CROCUS , a botanical genus of the natural
See also:Iridaceae, containing about 70
See also:species, natives of
See also:North Africa, and temperate
See also:Asia, and especially
See also:developed in the dry
See also:country of south-eastern Europe and western and central Asia . The
See also:plants are admirably adapted for climates in which a
See also:season favourable to growth alternates with a hot or dry season; during the latter they remain dormant beneath the ground in the
See also:form of a
See also:short thickened
See also:stem protected by the scaly remains of the bases of last season's leaves (known botanically as a "corm") . At the beginning of the new season of growth, new flower- and
See also:leaf-bearing shoots are developed from the corm at the expense of the
See also:food-stuff stored within it . New corms are produced at the end of the season, and by these the plant is multiplied . These crocuses of the flower
See also:garden are mostly horticultural varieties of C. vernus, C. versicolor and C. aureus (Dutch crocus), the two former yielding the
See also:purple and striped, and the latter the yellow varieties . The crocus succeeds in any fairly
See also:good garden
See also:soil, and is usually planted near the edges of beds or
See also:borders in the flower garden, or in broadish patches at intervals along the mixed borders . The corms should be planted 3 in. below the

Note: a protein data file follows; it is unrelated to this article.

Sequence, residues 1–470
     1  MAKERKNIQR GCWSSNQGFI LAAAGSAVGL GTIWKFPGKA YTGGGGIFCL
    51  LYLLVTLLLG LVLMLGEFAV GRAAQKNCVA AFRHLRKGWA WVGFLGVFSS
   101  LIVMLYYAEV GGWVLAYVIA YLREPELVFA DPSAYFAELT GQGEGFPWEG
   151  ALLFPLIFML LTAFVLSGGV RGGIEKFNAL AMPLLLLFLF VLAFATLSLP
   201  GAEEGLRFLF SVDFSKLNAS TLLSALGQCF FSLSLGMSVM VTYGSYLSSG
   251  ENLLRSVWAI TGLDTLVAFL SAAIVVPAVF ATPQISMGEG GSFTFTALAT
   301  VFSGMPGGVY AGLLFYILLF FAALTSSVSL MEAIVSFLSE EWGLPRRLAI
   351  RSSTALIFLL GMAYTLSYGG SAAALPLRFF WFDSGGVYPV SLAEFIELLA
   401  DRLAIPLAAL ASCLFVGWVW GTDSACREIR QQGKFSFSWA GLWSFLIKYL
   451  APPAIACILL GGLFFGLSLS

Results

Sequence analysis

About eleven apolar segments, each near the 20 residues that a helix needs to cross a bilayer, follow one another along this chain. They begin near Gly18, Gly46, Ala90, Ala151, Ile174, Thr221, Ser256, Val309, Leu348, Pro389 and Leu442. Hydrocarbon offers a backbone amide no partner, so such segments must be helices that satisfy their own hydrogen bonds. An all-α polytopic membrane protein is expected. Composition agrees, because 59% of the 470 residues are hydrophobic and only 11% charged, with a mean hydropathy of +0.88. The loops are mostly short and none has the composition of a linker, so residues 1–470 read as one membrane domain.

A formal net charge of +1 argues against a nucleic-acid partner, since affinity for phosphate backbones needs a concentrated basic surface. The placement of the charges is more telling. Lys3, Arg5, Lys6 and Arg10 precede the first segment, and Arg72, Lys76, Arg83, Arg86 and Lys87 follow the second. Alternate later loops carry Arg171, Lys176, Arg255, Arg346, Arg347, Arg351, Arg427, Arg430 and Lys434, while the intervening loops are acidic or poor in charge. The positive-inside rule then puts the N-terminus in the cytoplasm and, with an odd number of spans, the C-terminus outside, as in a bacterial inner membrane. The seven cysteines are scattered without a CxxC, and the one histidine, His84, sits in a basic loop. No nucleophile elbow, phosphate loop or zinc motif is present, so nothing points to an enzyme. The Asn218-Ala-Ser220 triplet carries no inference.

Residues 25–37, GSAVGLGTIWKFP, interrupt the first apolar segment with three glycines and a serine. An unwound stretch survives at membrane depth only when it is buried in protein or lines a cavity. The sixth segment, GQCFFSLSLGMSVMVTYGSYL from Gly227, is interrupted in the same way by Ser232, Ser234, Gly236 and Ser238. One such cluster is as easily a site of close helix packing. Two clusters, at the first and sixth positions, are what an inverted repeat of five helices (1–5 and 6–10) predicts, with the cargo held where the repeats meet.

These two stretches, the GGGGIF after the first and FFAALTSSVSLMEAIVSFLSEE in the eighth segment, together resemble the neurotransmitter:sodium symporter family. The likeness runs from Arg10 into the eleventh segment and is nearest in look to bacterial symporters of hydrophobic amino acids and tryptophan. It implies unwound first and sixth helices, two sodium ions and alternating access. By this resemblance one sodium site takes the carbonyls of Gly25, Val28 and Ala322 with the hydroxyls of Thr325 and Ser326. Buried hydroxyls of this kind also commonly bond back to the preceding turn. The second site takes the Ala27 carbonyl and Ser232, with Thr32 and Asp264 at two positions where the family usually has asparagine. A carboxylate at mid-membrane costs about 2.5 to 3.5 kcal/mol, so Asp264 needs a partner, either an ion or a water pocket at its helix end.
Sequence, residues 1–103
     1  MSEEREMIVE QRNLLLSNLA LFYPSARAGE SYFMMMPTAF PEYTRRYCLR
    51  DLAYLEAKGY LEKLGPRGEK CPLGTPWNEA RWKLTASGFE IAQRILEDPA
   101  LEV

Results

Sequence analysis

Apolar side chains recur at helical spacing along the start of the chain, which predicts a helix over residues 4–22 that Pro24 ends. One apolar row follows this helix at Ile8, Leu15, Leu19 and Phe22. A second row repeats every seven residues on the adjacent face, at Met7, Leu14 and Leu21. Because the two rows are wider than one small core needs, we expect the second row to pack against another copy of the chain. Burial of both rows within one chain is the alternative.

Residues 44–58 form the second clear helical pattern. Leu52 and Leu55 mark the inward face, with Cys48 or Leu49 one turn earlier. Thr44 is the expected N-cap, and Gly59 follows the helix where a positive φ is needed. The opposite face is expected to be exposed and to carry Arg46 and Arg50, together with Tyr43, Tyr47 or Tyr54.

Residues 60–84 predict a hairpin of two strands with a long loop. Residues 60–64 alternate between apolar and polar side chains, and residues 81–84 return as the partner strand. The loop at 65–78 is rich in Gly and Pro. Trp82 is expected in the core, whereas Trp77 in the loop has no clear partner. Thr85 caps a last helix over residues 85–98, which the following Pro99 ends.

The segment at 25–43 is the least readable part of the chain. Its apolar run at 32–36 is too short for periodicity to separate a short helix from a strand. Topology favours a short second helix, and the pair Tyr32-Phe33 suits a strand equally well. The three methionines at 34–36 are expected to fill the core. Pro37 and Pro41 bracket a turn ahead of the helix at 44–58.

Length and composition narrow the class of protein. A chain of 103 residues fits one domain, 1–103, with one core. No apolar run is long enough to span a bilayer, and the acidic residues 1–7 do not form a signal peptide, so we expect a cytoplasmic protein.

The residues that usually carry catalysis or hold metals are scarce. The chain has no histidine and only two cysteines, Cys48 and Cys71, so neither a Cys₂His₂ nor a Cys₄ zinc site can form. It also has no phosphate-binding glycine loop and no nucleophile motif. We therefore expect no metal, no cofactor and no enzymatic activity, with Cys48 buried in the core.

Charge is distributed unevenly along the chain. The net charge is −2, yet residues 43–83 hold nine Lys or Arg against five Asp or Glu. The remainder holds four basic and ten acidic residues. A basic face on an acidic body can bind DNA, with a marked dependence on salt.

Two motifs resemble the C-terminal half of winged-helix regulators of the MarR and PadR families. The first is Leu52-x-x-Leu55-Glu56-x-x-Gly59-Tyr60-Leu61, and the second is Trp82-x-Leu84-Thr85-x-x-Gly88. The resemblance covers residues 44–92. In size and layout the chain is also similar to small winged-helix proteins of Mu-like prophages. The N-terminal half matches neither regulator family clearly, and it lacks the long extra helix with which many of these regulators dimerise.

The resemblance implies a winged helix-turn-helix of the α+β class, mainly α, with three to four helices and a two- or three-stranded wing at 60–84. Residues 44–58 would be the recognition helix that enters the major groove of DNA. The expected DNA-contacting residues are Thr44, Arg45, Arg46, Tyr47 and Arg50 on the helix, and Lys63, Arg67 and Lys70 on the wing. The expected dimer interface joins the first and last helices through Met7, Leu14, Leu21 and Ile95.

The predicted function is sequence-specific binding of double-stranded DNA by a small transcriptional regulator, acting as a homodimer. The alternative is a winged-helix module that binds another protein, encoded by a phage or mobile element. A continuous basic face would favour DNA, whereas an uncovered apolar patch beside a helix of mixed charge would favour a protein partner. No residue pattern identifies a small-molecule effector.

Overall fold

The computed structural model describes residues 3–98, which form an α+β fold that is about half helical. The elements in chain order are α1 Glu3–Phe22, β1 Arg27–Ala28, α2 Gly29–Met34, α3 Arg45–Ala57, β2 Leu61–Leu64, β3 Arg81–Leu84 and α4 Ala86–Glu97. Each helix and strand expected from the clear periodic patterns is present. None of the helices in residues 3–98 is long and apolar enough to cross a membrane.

See also:surface, and as they become crowded they should be taken up and replanted with a refreshment of the soil, at least every five or six years . Crocuses have also a pleasing effect when dotted about on the lawns and grassy
See also:banks of the pleasure ground . Some of the best of the varieties are:—Purple:
See also:Sir J .
See also:Franklin, purpureus grandiflorus . Striped: Albion, La Majestueuse, Sir Walter
See also:Cloth of
See also:Silver, Mme
See also:Mina . White: Caroline Chisholm, Mont Blanc .
Yellow: Large Dutch . The species of crocus are not very readily obtainable, bud' those who make a specialty of
See also:hardy bulbs ought certainly to
See also:search them out and grow them . They require the same culture as the more
See also:familiar garden varieties; but, as some of them are
See also:apt to suffer from excess of moisture, it is advisable to plant them in prepared soil in a raised
See also:pit, where they are brought nearer to the
See also:eye, and where they can be sheltered when necessary by glazed sashes, which, however, should not be closed except when the plants are at
See also:rest, or during inclement
See also:weather in order to protect the blossoms, especially in the case of winter flowering species . The autumn blooming kinds include many plants of very
See also:great beauty . The following species are recommended:
See also:Spring flowering:— Yellow: C. aureus, aureus
See also:var. sulphureus, chrysanthus, Olivieri, Korolkowi, Balansae, ancyrensis, Susianus, stellaris .
See also:Lilac: C . Imperati, Sieberi, etruscus, vernus, Tomasinianus, banaticus . White: C. biflorus and vars., candidus, vernus vars . Striped: C. versicolor, reticulates . Autumn flowering:— Yellow: C . Scharojani . Lilac: C. asturicus, cancellatus var., cilicicus, byzantinus (iridiflorus), longiflorus, medius, nudifforus, pulchellus, Salzmanni, sativus vars. speciosus, zonatus .
White: caspius, cancellatus, hadriaticus, marathonisius . Winter flowering:—C. hyemaeis, laevigatus, vitellinus .
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